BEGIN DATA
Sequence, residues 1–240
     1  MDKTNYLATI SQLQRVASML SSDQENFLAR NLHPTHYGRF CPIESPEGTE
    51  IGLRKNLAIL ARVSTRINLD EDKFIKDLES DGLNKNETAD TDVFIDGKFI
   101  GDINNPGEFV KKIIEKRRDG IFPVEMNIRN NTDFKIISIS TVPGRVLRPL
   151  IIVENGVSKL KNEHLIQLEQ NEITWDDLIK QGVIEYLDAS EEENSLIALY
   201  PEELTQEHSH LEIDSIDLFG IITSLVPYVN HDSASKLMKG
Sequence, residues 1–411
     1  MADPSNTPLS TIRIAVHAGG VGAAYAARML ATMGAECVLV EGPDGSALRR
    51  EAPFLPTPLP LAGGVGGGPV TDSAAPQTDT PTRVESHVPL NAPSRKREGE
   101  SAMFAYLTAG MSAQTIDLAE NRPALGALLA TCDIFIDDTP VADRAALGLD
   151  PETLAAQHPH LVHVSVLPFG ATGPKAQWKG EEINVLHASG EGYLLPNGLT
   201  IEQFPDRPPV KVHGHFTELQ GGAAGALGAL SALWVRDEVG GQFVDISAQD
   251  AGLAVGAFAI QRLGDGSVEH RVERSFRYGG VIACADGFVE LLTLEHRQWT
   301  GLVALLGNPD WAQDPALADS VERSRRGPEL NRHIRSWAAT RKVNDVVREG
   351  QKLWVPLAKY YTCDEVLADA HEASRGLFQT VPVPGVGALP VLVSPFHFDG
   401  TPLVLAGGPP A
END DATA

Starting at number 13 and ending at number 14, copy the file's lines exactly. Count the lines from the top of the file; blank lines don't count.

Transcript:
   251  AGLAVGAFAI QRLGDGSVEH RVERSFRYGG VIACADGFVE LLTLEHRQWT
   301  GLVALLGNPD WAQDPALADS VERSRRGPEL NRHIRSWAAT RKVNDVVREG